So, basic RSS feeds do not allow you to put the recipient's name in it. So what? I don't know about you, but I'd rather receive information I wanted without my name on it, than information I have no interest in with my name.

When I did my newsletter via email, the script I used to send (provided by my web host) allowed for personalization of name and email address in the message. But that made little difference in the click-thrus or the sales I made. I think Rok overemphasizes the importance of doodads like personalization. Unless you have the wherewithal to afford the very sophistacted and expensive technology that allows for you to personalize the content in your email messages, then this point is worthless.

Also, this technology requires a lot more technical ability than even the average RSS aggregator. Most publishers are not programmers, nor do they have one on staff. I doubt if most entrepreneur publishers could even afford to hire a programmer to set this up for them.

I used to have a script I bought a few years that cost me about $50 which was designed to automate my personal email tasks and personalize the content in those automatic responses I gave uo in the program because you had to have more techical skills to set up and run the program than I, or most independent publishers, had or have or ever want to have.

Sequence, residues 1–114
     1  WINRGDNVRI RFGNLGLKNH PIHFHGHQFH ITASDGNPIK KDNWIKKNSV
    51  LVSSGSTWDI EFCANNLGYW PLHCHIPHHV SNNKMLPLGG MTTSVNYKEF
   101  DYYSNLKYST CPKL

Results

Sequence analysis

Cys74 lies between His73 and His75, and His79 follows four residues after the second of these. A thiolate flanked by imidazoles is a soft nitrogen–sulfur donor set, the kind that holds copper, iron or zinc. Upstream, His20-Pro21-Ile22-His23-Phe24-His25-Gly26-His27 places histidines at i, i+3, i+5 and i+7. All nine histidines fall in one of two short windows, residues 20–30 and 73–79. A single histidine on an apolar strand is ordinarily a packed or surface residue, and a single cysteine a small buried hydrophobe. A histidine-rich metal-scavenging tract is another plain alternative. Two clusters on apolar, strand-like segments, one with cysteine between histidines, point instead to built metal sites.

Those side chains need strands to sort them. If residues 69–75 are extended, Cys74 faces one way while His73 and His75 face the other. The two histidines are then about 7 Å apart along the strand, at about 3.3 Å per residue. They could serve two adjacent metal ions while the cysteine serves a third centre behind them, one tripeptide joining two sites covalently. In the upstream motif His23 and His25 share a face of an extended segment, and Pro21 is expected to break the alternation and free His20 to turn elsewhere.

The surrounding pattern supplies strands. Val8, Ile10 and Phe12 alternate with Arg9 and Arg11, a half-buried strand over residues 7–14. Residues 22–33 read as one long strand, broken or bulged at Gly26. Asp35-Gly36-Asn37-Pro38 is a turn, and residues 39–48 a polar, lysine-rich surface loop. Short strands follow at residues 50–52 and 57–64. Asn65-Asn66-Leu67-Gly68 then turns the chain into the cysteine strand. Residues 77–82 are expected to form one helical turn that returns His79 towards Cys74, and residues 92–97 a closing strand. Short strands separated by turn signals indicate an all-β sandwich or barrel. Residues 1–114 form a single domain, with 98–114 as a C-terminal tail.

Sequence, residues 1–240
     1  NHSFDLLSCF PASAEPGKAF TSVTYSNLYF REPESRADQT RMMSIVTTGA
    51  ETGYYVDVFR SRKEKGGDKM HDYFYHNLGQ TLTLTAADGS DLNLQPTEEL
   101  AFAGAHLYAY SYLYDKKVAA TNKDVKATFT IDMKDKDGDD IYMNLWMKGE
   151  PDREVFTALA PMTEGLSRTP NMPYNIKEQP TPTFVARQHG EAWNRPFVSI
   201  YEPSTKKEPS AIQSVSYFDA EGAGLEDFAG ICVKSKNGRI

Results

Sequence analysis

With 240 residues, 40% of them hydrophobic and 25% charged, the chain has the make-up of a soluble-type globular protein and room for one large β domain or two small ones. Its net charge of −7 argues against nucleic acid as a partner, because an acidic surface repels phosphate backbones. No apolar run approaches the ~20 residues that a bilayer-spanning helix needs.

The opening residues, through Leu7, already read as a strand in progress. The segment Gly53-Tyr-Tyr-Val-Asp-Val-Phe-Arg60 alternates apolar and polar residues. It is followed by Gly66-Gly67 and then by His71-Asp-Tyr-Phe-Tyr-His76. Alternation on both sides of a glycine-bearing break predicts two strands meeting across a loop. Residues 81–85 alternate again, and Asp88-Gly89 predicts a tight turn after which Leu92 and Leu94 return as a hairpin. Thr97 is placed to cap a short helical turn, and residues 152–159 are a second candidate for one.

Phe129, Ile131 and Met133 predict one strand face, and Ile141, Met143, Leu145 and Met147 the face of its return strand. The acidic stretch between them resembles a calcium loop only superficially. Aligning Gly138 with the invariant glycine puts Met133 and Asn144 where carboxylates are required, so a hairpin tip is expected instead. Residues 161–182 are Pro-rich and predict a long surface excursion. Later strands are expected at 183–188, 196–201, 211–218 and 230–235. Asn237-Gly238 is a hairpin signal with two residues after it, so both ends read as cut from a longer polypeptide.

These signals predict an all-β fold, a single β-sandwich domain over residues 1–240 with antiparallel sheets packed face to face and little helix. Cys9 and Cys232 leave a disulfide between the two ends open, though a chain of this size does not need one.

The best way for small entrepreneur publishers to personalize their newsletters is by developing very focused niches and providing content targeted to that niche. We cannot and should not be everything to everyone. Independent publishers need to focus their content and focus it very tightly. If we provide tightly focuses high quality original content, our reader will not care whether we put their names in our newsletters. The only time we need to worry about including their names is in private communications.

Another of his objections is a lack of advanced metrics. Here again the reason for this complaint has to do with his basic assumption of what email marketing is. I certainly would hope that those people who pay the kind of money that the big corporate mailing houses charge are getting advanced metrics. But the basic list servers used by small independent publishers do not provide those kinds of metrics. Actually, the service I use now for my newsletter, which is RSS-based, provides better metrics than most of the services used by independent email publishers.